Targeted therapies have changed the cancer treatment paradigm; however, obtaining off-label coverage of these therapies beyond the U.S. Food and Drug Administration-approved indications is challenging and can cause treatment delays.
A study found that the pharmacist can be a “valuable asset” to help patients receive approval for targeted cancer therapies and navigate coverage obstacles. The results of the study were presented by Francheska Ocasio Serrano, BS, CPhT, and Jennifer Espiritu, PharmD, BCOP, both of the Department of Pharmacy at Beth Israel Deaconess Medical Center at Harvard Medical School, at HOPA’s 16th Annual Conference.
Researchers conducted a retrospective analysis of insurance outcomes from March 2019 through October 2019 at Beth Israel Deaconess Medical Center. Researchers used pharmacy intervention records to identify 14 patients who had a pharmacist involved in their insurance approval process. They assessed medication, indication, payer type, initial denial reason, appeal methods, and appeal outcomes.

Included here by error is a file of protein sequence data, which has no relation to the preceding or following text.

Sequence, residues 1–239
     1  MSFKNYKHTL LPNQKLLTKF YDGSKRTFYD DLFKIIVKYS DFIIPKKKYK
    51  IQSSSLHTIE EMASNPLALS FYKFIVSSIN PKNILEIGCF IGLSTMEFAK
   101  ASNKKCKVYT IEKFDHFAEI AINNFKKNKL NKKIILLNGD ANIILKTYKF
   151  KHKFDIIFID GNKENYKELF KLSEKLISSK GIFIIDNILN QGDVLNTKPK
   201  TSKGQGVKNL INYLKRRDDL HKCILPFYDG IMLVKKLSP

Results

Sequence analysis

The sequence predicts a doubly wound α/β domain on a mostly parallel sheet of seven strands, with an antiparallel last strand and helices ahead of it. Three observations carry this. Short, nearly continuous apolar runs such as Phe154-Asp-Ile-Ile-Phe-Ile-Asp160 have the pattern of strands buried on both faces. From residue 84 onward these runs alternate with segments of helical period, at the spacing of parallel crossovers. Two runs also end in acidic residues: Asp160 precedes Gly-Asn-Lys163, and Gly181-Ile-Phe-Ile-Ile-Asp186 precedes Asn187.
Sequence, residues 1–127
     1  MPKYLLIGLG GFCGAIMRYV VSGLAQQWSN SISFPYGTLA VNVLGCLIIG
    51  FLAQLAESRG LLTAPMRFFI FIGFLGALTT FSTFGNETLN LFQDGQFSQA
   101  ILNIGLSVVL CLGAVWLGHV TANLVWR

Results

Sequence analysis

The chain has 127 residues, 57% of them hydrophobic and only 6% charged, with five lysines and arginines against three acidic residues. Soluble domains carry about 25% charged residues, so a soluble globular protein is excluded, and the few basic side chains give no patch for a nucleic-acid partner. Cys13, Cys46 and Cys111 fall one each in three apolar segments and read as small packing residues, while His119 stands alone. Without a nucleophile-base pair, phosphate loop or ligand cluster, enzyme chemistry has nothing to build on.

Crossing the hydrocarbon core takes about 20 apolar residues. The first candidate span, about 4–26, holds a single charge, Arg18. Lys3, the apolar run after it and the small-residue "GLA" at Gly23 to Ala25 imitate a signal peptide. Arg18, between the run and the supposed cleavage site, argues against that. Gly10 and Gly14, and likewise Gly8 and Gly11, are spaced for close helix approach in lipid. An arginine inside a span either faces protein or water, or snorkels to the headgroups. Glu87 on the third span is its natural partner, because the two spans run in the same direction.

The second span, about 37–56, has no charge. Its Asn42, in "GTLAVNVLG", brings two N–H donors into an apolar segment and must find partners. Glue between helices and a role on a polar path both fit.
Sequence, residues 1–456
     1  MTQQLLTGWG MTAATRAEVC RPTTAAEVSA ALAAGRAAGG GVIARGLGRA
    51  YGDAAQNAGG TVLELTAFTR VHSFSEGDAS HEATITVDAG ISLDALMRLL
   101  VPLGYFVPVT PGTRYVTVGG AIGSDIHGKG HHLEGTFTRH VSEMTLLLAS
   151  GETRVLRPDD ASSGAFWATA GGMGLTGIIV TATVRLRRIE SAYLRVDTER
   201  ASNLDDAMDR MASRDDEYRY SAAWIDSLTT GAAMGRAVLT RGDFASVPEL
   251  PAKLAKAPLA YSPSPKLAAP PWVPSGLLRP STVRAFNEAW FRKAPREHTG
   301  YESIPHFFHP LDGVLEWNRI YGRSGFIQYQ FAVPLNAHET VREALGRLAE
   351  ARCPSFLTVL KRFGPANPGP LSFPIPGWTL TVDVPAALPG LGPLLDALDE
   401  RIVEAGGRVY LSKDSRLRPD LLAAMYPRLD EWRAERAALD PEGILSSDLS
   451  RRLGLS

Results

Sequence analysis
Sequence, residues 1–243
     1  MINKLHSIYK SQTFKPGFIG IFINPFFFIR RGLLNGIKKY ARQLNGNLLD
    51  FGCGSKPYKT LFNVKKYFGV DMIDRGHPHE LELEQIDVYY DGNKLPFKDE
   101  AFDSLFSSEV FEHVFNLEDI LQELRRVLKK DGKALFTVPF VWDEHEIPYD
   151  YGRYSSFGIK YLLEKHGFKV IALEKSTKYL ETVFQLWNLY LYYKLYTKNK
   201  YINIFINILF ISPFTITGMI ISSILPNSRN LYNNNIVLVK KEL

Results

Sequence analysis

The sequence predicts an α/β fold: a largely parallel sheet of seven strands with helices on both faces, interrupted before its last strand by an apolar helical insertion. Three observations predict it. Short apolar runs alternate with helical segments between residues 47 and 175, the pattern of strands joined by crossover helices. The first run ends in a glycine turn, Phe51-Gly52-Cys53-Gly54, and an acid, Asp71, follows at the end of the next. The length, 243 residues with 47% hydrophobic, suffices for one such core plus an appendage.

In 12 instances (86%), pharmacist assistance was retrospectively required for appeals after denial of treatment coverage. Pharmacist interventions included writing letters of medical necessity (n=11; 79%), providing literature to payers (n=2; 14%), and conducting a peer-to-peer discussion on the physician’s behalf (n=1; 7%).
Among the 12 appeals, nine denials (75%) were overturned (primary endpoint). The most common reason for initial insurance denial (secondary endpoint) was absence of a traditional mutation for a targeted therapy (n=5; 42%); other reasons were unfamiliarity of current literature (n=3; 25%), out-of-date coverage policies (n=2; 17%), and “other” (n=2; 17%).
“[Pharmacists] have a unique combination of clinical expertise and practical reimbursement knowledge that puts us in a prime position to ensure patients are able to gain access to necessary medications and challenge unreasonable coverage determinations,” the authors concluded.
Espiritu J, Ocasio Serrano F. The role of pharmacists in increasing patient access to targeted therapies. Presented at HOPA 16th Annual Conference. March 2020, Tampa, Florida.